Wire Feed Welder (what kind of gas)?

I just noticed an ad in the paper for a local guy selling a Hobart 120 Wire feed welder. I called the guy and he said it belonged to a relative and he inherited it. He knows it works, but he has never used it, and said he knows nothing about welding which is why he is selling it. He said its complete with a spool of wire and the gauges for the gas, but no tank of gas.
I went to the Hobart website and they dont have this model listed, but have a Handler 125 listed, so I assume its similar but a newer model. Hobart has a .PDF file for the manual, but I downloaded it 3 times and it's a defective file. The only other info I could find is just a basic list of features. I think I know most I need, and know it can use flux wire without the gas, or use solid wire with the gas. My question is what kind of gas is used for these welders?
I've only used stick welders in the past, so I am new to these wire feed types.
Thanks for all help.
Jim
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A lot of people get away with CO2 on their MIGs but I assume Argon is better.
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Jimw wrote:

Argon
--
Robert Allison
Rimshot, Inc.
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Your welding supply store will sell you an argon-CO2 mix. If you are going to other type wire, different gas will be required. Argon by itself is a bit hot, and better welds with good penetration will be the norm with the CO2 mix and steel. Have a look at the Miller Welding web site and sign up for their newsletters. They have a dandy archive of articles for pros and newbies, too. There are some unusual wire types available that are good for projects that shouldn't be exposed to much heat. One of these is silicon bronze. It needs a good machine to work well, because the voltage and current parameters are quite low. Buy a good supply of consumables, gas, tip cleaners, and scrap for practice. If you don't have a good self darkening helmet, buy one. The shade 10 we use for stick welding is a bit too dark. Let your neighbors know you have the machine working and you should get lots of broken things to practice on. Enjoy your new tool, it's a very useful shop item.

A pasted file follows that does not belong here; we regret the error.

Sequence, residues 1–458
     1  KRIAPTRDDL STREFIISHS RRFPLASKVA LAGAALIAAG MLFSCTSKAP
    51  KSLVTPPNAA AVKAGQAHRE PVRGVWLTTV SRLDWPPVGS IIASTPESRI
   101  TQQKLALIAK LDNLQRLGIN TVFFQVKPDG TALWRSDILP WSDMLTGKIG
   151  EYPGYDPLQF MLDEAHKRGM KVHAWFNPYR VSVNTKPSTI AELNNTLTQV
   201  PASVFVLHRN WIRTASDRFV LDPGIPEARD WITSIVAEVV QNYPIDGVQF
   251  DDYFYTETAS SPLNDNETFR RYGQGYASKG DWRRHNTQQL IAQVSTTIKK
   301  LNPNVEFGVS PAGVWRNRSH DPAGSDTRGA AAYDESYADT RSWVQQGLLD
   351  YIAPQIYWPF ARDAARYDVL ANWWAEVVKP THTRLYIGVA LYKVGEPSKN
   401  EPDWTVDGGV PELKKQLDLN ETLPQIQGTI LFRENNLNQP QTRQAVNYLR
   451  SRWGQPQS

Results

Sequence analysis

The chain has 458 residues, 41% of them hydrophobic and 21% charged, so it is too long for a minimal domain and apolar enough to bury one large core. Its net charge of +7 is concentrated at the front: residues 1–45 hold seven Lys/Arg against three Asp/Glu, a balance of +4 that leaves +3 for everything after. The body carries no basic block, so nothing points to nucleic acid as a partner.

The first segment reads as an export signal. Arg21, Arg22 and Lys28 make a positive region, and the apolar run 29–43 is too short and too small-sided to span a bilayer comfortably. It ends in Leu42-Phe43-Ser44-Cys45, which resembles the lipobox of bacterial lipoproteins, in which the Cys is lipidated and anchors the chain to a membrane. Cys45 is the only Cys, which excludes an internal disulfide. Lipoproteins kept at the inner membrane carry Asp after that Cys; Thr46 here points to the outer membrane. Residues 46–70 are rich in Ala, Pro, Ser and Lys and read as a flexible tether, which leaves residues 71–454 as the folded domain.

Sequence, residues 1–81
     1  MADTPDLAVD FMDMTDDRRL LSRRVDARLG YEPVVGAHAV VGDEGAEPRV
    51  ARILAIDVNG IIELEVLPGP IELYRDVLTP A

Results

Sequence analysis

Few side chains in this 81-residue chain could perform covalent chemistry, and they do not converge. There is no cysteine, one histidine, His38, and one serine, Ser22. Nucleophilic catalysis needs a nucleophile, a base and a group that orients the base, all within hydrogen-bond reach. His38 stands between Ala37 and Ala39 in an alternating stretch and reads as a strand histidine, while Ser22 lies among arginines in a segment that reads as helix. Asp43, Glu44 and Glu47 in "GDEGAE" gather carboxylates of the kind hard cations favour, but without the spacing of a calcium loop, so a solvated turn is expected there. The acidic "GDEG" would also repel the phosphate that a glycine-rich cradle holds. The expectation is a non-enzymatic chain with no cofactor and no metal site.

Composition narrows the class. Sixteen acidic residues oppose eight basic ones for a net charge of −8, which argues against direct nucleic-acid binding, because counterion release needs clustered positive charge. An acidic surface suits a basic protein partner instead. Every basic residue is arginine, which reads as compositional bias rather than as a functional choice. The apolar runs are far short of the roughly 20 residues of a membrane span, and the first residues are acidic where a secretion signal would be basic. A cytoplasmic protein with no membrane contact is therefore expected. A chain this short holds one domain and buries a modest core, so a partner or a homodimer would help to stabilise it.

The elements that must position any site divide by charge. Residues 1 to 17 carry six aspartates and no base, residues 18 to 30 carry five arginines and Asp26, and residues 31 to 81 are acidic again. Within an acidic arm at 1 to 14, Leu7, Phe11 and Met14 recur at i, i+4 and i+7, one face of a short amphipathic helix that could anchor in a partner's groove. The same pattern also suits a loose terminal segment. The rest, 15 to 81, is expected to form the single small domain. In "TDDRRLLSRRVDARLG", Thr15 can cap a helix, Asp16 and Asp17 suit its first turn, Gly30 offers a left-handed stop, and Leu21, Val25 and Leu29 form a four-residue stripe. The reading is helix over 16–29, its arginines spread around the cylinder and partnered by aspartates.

Joe
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If it's not a self darkening, what number shade should I use?
Thanks for all the info and help.
Jim
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10
12 if your using TIG , but 10 is fine for MIG and stick.
s
wrote:

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wrote:

9 or 10
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we used straight co2 for years on ours. But the C25/argon mix works much better. You'll need straight argon for aluminum or stainless.
steve

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Wirefeeds use either straight CO2, or a mix of argon/CO2. The mix can be 75/25 or 86/14 depending on the properties you want in the weld. If you are doing just tubing and ornamental metal, CO2 will do just fine, and the mixed gases are four times the cost. The cost for a CO2 tank is much less, too, as they are available from soda dispensers. You don't have to prove ownership of CO2 tanks, and can get them refilled at more places because people use them for paintball and soda dispensers. CO2 regulators and tanks can be had for $20 each. A mixed gas cylinder can cost up to $300 plus $75 for the gas plus $100 or so for the regulator. Lincoln has good support, and you can go to their site and request the locations to describe all the various mixes.
HTH
Steve, welding for 34 years now
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